“All of my drivers are from Europe,” he says. “I cannot employ an English person to do a delivery or packing job; they don’t turn up for the interview. We don’t even operate heavy goods vehicles; we operate light vans, so drivers can use a normal license.”
McCullough feels strongly that there is a lack of incentive for the unemployed to work. “It aggravates me when you hear about labour shortages and yet there are 2.6m people unemployed.
"At the moment, there’s no incentive to work. The Government needs to make it as easy as possible for able people to come back to work, either in the public or private sector, and possibly with a subsidy. Instead of the Government paying unemployment benefits, they should pay employers to top-up their workers’ salaries, for example.”
Jason Tanner, owner of foodservice provider Premier Fruits, does employ a large percentage of UK drivers within his workforce but he agrees that attracting domestic recruits is not easy.
“For the most part we need night-time deliveries, and for a lot of drivers they would rather have a day-time job,” Tanner explains. “It’s extremely difficult, and it’s not just a problem with HGV drivers but also the normal 3.5 tonne truck drivers. We’re short of around 25-30 drivers, and we’re using agency drivers for probably 50 per cent of our labour.”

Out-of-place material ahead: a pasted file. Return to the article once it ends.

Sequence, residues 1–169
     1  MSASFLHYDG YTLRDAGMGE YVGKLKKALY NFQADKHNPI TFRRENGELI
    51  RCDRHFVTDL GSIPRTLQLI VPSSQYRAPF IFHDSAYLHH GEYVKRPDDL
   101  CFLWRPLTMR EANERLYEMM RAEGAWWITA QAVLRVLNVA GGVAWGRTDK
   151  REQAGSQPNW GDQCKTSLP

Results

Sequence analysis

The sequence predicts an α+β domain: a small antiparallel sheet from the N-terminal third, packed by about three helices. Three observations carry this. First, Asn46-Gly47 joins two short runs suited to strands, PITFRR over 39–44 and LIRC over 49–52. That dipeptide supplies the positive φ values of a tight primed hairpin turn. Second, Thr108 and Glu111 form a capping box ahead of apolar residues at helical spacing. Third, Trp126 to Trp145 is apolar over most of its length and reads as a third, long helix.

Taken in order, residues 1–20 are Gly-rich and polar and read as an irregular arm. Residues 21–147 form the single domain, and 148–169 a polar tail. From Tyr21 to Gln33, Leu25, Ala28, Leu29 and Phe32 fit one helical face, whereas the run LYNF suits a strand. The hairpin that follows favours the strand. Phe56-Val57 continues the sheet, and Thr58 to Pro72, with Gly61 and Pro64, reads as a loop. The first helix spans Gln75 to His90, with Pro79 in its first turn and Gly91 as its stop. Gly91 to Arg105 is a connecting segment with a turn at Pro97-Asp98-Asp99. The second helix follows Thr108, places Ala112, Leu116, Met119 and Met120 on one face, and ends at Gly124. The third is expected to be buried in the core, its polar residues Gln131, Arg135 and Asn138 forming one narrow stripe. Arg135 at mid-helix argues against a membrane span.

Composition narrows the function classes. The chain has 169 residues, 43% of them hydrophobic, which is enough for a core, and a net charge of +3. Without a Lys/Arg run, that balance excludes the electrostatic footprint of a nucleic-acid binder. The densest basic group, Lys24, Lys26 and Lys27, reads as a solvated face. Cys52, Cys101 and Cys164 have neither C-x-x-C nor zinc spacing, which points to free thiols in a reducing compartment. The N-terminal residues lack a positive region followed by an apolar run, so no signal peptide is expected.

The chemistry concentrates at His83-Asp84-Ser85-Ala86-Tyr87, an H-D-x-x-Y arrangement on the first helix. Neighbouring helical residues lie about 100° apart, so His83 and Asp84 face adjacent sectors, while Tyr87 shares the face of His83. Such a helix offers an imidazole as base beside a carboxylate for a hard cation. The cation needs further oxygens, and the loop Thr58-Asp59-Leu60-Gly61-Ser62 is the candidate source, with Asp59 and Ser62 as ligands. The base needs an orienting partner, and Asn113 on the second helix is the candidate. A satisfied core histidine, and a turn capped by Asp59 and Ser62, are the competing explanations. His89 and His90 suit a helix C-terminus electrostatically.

The career does need to be made more attractive, says Wayne Lawlor, who handles sales and procurement at DG Imports, a long-established fresh produce import company.
“Companies could offer drivers a flexitime contract to work three nights on and three nights off, instead of six consecutive days,” he suggests. “Companies would have to employ more drivers but they would have more flexibility. More people want a work-life balance these days, and if employers make jobs more appealing via tax, holiday and flexitime incentives there are plenty of people out there to work. Of course, there are many deeper, underlying problems which will be harder to correct but this is a good starting point.”
Compared with Europe, Lawlor also notes that there is a low number of female drivers in the UK, plus he says specialist rest, food and servicing areas are inferior. “Vast improvements are another essential going forward,” he states.